Cooking School Day 4: Eggs

Cooking School Day 4: Eggs

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Emma Christensen
Oct 9, 2014
(Image credit: Faith Durand)

(Image credit: The Kitchn)
  • Today's Lesson: Eggs
  • The Goal: 20 lessons, 20 days to become a better cook at home
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Eggs are everywhere in the kitchen: they're a quick breakfast (and often dinner), they're key players in a batch of meatballs, they're in the mayonnaise on your sandwich, they're your best friend when a cake-craving hits. You can scramble them, poach them, fry them, or hard-boil them. You can even shake them into a cocktail.

What I'm saying, here, is that eggs are essential material for home cooks like us. Which is why today is devoted to this most incredible of edibles: the egg.

(Image credit: Leela Cyd)

Day 4 Lesson: Eggs

Basic Egg Anatomy: Eggs have three main parts. In the center is the bright golden yolk — this is where all the nutrients and fat reside. The clear, gel-like white surrounds the yolk, keeping it suspended and protected. The whites are essentially protein. Surrounding the whites and yolks, keeping everything held together in a neat little package, we have the shell — the only part of the egg we don't typically eat. In addition to these three parts, there is a thin membrane between the shell and the white (the bane of any deviled egg-peeling endeavor), as well as a stringy bit called the chalaza, which anchors the yolk to the white.

Watch the video below to see how to crack an egg with one hand!

How Eggs Cook: A raw egg is a big jumble of coiled proteins. As the egg starts to cook, those proteins relax and lengthen out in a more orderly fashion. Continue cooking a little longer and the proteins start to bond with each other in a tight network — coagulation. Cook the eggs for too long and the proteins tighten to the point where all the liquid is forced out, resulting in rubbery, dry, over-cooked eggs.

Time and Temperature: These are the two biggest influences on how eggs cook. The longer you cook eggs, the more those proteins will coagulate. The hotter you cook eggs, the more quickly they will coagulate. Other ingredients also affect cooking — eggs being scrambled on the stovetop will coagulate much more quickly than the eggs in a quiche or a batch of brownies, for instance. In general, I recommend cooking eggs or baking dishes with eggs at low temperatures to lengthen the cooking time and decreasing the risk of over-coagulation.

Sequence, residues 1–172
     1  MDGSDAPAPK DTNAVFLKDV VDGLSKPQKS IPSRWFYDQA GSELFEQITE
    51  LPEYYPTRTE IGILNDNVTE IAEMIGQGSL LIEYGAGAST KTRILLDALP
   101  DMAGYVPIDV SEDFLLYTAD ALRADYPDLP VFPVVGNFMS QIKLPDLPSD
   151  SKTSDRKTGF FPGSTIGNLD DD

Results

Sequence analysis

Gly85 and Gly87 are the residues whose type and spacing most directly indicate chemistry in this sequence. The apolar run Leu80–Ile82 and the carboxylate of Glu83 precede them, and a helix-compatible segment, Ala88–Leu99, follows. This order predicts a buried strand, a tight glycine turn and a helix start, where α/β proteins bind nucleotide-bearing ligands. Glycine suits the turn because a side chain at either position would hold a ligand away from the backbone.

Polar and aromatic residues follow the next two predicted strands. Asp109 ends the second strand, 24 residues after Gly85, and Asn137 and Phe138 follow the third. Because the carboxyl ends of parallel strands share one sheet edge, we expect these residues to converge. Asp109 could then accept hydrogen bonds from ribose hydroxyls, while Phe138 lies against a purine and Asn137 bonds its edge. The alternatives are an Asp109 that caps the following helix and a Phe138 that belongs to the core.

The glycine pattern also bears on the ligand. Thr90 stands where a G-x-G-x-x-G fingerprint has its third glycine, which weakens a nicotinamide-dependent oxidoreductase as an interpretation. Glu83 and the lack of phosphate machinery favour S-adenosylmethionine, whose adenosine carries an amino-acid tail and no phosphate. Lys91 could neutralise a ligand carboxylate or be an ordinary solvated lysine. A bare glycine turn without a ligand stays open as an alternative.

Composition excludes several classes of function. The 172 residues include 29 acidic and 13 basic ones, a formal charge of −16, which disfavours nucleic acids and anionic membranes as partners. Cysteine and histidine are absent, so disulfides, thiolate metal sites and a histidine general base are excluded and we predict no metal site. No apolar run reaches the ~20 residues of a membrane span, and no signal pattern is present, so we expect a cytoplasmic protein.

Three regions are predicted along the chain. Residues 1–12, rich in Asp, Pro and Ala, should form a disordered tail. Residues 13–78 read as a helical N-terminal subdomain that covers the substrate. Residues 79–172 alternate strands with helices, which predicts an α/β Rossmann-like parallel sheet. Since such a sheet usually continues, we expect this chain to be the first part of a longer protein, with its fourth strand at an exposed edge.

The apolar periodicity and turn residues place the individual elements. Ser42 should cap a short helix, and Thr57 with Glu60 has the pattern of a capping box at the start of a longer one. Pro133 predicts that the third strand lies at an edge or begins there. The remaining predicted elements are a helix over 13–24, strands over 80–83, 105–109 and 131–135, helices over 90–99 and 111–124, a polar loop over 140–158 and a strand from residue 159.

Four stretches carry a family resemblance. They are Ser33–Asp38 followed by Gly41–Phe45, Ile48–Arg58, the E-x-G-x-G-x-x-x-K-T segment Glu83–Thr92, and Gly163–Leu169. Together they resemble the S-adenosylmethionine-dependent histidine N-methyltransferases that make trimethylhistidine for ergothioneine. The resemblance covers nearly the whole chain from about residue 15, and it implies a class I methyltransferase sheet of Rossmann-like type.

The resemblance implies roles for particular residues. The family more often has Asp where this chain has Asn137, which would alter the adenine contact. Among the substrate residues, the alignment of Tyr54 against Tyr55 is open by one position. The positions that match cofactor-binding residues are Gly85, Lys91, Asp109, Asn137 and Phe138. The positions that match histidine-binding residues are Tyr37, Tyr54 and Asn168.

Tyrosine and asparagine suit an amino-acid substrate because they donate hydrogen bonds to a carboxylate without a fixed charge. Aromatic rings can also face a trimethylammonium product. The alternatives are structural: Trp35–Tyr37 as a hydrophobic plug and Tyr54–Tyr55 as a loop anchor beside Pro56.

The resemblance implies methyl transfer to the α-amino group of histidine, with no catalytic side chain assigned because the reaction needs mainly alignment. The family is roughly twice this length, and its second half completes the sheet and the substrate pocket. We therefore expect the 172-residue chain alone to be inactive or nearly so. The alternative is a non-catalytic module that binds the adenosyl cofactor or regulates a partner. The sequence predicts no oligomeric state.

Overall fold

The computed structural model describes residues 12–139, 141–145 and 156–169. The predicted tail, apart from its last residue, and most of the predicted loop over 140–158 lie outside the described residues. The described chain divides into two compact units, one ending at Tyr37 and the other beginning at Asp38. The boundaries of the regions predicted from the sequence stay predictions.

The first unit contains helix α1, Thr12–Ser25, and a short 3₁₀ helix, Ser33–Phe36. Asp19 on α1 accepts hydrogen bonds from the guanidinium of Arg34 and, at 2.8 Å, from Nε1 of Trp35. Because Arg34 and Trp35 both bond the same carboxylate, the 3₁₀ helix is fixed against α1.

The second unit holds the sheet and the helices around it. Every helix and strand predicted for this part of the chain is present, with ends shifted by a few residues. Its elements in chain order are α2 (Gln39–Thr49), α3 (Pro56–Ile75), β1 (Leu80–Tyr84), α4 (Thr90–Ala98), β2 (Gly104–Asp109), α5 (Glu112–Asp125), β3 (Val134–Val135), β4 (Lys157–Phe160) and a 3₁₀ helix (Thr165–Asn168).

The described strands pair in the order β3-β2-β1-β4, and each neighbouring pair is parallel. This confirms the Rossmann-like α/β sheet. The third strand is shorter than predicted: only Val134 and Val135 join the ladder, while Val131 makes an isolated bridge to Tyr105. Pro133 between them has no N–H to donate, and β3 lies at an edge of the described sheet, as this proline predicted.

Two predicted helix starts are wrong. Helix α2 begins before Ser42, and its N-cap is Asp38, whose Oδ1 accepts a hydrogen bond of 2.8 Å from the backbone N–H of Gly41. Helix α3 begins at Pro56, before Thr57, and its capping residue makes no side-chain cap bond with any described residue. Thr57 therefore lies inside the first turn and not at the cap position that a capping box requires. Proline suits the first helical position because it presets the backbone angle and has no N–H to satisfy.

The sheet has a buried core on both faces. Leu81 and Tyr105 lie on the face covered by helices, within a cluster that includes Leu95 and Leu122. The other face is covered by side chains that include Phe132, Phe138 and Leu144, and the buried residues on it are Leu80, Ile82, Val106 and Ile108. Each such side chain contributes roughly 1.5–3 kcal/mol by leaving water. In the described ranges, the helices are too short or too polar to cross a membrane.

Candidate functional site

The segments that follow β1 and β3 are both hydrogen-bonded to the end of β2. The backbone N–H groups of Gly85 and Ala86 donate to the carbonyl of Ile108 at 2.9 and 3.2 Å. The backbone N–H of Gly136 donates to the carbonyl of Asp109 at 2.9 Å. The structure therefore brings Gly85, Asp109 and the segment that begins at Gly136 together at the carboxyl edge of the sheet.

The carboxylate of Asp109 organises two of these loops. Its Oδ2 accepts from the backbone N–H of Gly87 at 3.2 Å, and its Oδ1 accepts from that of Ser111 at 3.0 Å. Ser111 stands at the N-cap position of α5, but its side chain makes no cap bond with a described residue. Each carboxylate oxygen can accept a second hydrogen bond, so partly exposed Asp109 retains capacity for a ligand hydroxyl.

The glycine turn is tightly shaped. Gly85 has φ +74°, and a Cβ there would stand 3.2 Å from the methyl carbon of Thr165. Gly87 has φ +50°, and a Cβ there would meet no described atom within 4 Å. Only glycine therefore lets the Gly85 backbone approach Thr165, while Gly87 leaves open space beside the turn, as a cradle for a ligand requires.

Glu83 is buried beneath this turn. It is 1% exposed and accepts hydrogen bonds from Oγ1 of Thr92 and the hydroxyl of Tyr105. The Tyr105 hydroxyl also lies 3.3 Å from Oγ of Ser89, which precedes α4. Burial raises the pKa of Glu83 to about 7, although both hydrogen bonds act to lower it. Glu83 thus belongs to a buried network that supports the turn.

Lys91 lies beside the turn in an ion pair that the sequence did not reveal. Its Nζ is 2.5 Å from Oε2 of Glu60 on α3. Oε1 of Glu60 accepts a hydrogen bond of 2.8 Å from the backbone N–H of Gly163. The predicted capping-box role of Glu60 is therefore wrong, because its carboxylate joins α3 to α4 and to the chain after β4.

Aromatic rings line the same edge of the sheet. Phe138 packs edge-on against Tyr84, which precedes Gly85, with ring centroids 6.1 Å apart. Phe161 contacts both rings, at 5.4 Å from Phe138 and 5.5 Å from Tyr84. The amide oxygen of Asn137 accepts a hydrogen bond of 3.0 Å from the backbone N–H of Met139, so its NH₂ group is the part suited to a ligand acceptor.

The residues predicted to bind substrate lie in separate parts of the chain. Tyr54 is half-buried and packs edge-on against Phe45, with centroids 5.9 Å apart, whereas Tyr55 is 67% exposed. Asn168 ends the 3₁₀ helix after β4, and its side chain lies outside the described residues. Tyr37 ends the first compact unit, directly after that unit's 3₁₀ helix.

Eggs in Cooking: Eggs can be eaten as a food all on their own, of course. We need look no further than a plate of creamy scrambled eggs or a wedge of frittata for that. Eggs can also be used to bind ingredients together, as when making meatloaf or whisking up a batch of mayonnaise. In baking, eggs are also often added for leavening or for richness. The whole egg can be used, or the yolk and white can be separated and used independently. Eggs have a fairly long shelf-life, making them a good pantry staple.

Eggs in a Recipe: Size matters here, so take note when your recipe calls for a large egg or a jumbo egg and buy the right size. As you read over the recipe, take note if eggs need to be whisked or separated before you start. Also, don't forget the effect on time and temperature when cooking eggs — pay attention to these instructions in your recipe.

Pro Tip!

Eggs are easiest to separate when they're still cold, as the whites are thicker and hold together better. Even if your recipe calls for the separated eggs to be at room temperature, do the separation first and then let the two parts come to room temperature while you measure and prepare the rest of the ingredients.

(Image credit: Henry Chen)

Every lesson has three homework options. Maybe you've already got one down, or you just have time for a quick study session. So pick one, and show us by tagging it with #kitchnschool on Instagram or Twitter.

(Image credit: Henry Chen)

Study: Read about the difference between medium, large, and jumbo-sized eggs.

(Image credit: Henry Chen)

Practice: Crack an egg and cook it for dinner. Dealer's choice: you can have it scrambled, fried, poached, or boiled.

(Image credit: Henry Chen)

Improve: Make a souffle! This is taking your egg cookery up a notch — you'll need to separate the eggs and beat the whites into stiff peaks. And lucky you, you'll have a fantastic dinner at the end. Here's what to do: How To Make a Soufflé.

(Image credit: Emma Christensen)

The Kitchn Cookbook & Eggs

The Cooking School was inspired by our new book, The Kitchn Cookbook and there's plenty in the book to help your Cooking School experience.

Today's tip: See page 125 for a guide to all the stages of whipping egg whites.

5 Recipes to Practice Your Egg Skills

  1. Egg Drop Soup
  2. Bean Chilaquiles with Avocado, Queso Fresco & Fried Egg
  3. Spaghetti alla Carbonara
  4. Potato, Red Pepper, and Feta Frittata
  5. Ham, Cheddar, and Chive Egg Bakes

The Kitchn's Cooking School

The Kitchn's Cooking School is 20 days, 20 lessons to become a better cook at home. Every day we'll tackle an essential cooking topic and explain what you should know. Each lesson has three different homework options, so you can choose the one that teaches you what you need. Whether you want to refresh your skills or start from scratch, come to school with us!

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